Originally published June 20 2010
Consent form gobbledygook: Are medical research subjects adequately informed?
by S. L. Baker, features writer
(NaturalNews) When a person signs up to participate in medical research, he or she is given a form to sign that is supposed to state the goal of the study as well as all the known possible risks of the drug or procedure being tested. But a new report by researchers from the University of Pennsylvania Law School and Columbia University concludes informed consent forms are often too long and complicated -- full of legalese and technical gobbledygook -- for many people to understand.
For anyone who takes a look at the sometimes shameful history of human experimentation in this country, even the slightest concern research subjects are not fully informed is worrisome. One of the most heartbreaking cases of study participants denied informed consent involved the infamous Tuskegee Syphilis Study. Between 1932 and 1972, the U.S. Public Health Service conducted experiments on 399 poor African-American men suffering from syphilis. The men were never told what disease they had or its seriousness. Instead, they were told they were being treated for "bad blood" by doctors who had no intention of curing them of syphilis at all. In fact, the goal was to collect data from the men's bodies after they died from the excruciating effects of untreated syphilis.
In 1966, Henry K Beecher, M.D., published a scholarly article, "Ethics and Clinical Research," that documented 22 unethical research trials published in U.S. medical journals since World War II. The paper revealed horrendously dangerous experiments conducted on unsuspecting research subjects. For example, malignant cells from cancer patients were injected into elderly and debilitated inmates of the Jewish Chronic Disease Hospital -- people who were incapable of giving informed consent.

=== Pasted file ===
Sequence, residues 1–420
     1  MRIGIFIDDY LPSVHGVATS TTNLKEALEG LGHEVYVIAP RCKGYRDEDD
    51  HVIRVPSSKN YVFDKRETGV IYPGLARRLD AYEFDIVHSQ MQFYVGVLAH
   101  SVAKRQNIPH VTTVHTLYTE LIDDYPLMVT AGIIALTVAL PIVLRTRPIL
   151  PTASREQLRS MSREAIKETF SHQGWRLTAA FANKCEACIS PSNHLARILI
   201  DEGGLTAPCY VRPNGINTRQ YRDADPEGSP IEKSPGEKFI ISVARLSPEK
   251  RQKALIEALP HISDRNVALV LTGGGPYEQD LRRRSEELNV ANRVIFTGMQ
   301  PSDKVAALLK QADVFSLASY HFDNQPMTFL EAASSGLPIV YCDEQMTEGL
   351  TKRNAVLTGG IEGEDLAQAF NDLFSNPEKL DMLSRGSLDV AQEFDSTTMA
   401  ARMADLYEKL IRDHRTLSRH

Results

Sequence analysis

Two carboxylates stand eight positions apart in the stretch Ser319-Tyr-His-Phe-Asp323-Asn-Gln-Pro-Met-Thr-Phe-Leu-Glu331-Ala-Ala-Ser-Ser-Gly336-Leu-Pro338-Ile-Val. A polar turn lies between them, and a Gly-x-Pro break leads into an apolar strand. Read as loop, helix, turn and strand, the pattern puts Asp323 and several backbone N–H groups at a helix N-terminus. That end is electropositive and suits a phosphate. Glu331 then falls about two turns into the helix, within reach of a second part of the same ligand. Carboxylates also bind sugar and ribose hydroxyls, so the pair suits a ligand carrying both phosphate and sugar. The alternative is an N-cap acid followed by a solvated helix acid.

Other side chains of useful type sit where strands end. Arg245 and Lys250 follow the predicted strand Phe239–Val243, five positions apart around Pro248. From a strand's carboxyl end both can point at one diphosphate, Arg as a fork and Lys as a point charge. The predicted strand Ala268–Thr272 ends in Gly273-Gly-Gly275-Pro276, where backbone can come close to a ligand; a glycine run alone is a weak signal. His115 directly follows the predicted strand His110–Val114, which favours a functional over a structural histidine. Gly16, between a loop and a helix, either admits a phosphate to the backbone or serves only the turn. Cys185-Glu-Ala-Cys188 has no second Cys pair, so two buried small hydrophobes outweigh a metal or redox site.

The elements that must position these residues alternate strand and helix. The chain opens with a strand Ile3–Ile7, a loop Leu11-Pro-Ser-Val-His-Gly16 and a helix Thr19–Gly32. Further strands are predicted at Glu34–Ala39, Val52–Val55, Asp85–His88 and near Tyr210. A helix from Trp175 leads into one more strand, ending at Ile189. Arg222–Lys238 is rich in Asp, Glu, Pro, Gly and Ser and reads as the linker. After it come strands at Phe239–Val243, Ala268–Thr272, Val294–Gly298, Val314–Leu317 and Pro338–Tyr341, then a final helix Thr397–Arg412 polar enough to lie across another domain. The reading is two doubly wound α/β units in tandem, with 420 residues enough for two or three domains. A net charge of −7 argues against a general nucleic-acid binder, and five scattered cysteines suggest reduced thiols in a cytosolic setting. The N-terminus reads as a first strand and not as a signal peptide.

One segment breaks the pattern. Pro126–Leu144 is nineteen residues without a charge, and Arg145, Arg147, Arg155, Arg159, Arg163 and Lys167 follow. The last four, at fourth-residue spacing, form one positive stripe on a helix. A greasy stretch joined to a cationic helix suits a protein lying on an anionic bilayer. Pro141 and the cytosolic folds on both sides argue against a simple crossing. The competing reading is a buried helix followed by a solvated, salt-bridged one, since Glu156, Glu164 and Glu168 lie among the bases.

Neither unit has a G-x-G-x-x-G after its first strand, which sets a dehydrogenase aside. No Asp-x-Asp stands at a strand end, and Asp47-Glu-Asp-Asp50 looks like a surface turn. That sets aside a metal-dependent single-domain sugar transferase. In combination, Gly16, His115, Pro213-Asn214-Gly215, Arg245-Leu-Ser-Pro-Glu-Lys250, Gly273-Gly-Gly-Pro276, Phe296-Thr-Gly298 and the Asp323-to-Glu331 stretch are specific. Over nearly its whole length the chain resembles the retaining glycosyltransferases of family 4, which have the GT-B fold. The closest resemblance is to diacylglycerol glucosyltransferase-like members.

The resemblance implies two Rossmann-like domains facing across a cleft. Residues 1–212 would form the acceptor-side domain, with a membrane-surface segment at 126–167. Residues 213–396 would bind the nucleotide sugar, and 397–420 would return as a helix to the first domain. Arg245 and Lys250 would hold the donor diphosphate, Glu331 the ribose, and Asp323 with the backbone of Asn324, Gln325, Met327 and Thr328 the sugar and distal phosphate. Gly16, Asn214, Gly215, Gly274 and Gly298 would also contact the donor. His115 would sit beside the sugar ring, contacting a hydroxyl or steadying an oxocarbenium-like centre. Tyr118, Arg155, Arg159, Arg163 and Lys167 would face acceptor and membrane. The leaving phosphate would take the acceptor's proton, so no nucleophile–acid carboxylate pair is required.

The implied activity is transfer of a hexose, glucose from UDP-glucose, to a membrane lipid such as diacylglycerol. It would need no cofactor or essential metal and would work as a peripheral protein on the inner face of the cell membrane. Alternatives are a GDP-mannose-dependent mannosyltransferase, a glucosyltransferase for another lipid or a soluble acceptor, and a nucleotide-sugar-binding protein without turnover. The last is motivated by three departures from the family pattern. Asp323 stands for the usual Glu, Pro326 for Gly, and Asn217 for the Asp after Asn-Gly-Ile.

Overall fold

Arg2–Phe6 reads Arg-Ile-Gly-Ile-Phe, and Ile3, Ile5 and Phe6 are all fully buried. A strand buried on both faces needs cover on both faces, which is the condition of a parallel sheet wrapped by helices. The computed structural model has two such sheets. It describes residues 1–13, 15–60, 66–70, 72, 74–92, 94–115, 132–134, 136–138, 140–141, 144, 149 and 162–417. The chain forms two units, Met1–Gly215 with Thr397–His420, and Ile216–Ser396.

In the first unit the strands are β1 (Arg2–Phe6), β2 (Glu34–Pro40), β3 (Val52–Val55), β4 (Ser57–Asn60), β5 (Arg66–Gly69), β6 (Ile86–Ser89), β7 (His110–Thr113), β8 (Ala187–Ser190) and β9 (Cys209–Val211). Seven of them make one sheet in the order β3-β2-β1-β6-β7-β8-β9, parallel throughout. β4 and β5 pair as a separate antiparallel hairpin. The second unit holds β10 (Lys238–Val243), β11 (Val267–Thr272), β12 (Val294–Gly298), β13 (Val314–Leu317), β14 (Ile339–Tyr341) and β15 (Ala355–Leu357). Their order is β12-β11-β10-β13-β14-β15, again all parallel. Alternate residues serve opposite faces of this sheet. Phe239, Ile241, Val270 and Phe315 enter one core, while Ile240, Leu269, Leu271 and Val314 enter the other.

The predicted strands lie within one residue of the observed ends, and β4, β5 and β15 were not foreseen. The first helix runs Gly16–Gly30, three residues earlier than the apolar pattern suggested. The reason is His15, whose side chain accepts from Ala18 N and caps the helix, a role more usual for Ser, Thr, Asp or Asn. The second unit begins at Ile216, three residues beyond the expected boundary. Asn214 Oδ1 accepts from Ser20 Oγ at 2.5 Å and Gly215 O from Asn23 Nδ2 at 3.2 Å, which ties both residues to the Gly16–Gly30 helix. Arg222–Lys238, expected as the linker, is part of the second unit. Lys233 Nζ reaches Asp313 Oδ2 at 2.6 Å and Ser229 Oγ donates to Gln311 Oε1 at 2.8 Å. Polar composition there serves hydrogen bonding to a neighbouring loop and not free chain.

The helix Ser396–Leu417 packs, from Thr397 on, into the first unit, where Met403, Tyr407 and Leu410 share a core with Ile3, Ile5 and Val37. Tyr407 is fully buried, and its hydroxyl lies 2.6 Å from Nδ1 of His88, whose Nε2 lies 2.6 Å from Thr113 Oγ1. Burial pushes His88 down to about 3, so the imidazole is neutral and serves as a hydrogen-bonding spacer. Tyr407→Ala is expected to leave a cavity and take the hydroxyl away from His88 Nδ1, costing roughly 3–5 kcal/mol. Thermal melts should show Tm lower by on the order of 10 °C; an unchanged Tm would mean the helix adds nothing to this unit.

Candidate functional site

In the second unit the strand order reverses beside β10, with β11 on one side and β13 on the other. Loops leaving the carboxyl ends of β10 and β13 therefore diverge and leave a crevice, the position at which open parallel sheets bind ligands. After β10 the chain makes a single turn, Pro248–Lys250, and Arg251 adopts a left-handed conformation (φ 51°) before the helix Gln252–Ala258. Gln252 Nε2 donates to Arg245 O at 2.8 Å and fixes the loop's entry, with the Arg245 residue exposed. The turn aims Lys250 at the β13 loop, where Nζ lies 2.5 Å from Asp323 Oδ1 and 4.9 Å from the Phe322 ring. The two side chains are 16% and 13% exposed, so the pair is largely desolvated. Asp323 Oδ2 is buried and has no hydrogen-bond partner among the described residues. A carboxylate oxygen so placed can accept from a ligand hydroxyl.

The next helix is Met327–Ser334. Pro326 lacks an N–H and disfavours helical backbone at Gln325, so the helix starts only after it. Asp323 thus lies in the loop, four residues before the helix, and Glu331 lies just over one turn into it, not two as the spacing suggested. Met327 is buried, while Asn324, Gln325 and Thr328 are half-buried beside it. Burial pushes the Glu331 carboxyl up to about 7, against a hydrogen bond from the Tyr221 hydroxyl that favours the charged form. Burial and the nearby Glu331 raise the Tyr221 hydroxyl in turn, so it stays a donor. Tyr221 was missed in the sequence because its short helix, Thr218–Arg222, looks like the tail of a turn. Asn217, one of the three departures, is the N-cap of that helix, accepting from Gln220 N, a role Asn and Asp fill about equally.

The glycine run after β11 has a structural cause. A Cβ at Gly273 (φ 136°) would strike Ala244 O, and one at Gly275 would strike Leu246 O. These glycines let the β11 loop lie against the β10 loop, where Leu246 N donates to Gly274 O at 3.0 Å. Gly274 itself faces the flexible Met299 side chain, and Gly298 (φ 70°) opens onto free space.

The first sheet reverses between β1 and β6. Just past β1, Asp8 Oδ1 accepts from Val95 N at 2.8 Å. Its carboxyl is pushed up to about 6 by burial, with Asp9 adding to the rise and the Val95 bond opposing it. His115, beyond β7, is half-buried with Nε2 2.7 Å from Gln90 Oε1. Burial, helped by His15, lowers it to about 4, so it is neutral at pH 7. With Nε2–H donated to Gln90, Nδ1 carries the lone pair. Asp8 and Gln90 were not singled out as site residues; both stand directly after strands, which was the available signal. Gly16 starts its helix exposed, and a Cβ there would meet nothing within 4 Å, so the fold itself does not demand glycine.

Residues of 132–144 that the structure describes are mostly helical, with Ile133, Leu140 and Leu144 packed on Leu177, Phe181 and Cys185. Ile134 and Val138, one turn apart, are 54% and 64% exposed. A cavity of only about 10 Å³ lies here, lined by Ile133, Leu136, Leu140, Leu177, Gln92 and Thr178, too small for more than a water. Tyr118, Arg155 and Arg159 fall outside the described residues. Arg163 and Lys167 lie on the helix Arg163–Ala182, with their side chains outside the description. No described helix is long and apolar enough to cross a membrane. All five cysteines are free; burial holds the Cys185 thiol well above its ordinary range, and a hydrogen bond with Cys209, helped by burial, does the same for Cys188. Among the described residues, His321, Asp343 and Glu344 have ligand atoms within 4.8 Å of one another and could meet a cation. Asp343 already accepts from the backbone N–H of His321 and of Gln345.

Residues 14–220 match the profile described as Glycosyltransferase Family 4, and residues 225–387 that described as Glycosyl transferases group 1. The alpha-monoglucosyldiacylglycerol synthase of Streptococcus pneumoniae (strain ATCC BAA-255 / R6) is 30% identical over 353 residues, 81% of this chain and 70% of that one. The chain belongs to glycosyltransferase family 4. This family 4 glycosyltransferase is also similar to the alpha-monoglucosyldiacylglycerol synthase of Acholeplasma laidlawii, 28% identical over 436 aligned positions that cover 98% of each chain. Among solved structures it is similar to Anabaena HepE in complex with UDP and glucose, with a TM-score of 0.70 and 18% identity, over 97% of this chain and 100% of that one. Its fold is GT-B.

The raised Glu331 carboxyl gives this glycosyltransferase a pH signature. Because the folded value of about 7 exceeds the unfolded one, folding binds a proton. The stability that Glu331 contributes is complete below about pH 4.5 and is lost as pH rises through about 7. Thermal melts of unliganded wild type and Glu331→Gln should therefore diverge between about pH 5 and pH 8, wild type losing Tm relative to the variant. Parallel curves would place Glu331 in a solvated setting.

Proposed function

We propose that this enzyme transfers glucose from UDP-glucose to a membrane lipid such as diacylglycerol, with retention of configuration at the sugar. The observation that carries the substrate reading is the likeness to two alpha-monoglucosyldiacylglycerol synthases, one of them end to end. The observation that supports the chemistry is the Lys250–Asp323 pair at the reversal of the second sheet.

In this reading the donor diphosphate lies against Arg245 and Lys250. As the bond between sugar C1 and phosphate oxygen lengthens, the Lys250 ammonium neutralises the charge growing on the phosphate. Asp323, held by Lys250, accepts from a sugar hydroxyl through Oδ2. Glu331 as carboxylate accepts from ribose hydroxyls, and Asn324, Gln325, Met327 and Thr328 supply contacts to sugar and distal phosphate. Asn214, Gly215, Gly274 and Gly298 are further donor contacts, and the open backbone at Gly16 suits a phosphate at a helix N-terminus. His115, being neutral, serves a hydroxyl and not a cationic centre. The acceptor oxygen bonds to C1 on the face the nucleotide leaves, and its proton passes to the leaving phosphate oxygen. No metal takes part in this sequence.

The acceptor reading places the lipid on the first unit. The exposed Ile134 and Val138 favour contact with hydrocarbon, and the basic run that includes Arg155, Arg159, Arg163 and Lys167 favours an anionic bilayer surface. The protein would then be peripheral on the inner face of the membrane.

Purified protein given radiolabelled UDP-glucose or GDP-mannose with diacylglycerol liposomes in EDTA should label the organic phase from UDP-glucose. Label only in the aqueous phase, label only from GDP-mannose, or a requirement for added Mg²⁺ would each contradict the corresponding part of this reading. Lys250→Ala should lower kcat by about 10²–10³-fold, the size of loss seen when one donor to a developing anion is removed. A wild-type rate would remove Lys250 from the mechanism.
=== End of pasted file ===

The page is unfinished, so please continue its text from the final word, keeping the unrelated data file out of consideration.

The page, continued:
No one is suggesting that the horrors of the Tuskegee Syphilis Study or the unethical research described by Dr. Beecher are still taking place in the 21st century. However, there are reasons to be concerned that many people participating in medical studies as research subjects are not always given comprehensible or accurate information.
Experimenting on Native American IndiansA case in point: in a high-profile legal case last April, a Native American tribe won a substantial settlement from Arizona State University because blood samples provided by Havasupai tribe members were used for purposes never revealed in the consent forms they signed. A researcher told the Indians, who live in the Grand Canyon, their blood samples would be used to find out why the tribe had high rates of diabetes. The blood was actually used to study rates of schizophrenia and for racial migration research.
For the new review of informed consent forms, which was just published in the journal IRB: Ethics and Human Research Efforts, the authors examined the accuracy and length of research consent forms used for 215 studies by one department in a major academic center over the past 25 years. Their conclusion? There is both good news and bad news. The actual information in consent forms has become far more accurate over time. However, the consent forms have become increasingly lengthier and more complicated -- growing from an average of a paragraph or two to more than four and a half pages.
The study authors cited data showing that these longer, wordier consent forms "are unlikely to be read, perhaps in part because of the time involved." And that raises the obvious question: if informed consent forms are not being read and understood before they are signed, what is the true state of genuinely informed consent among today's medical research subjects?
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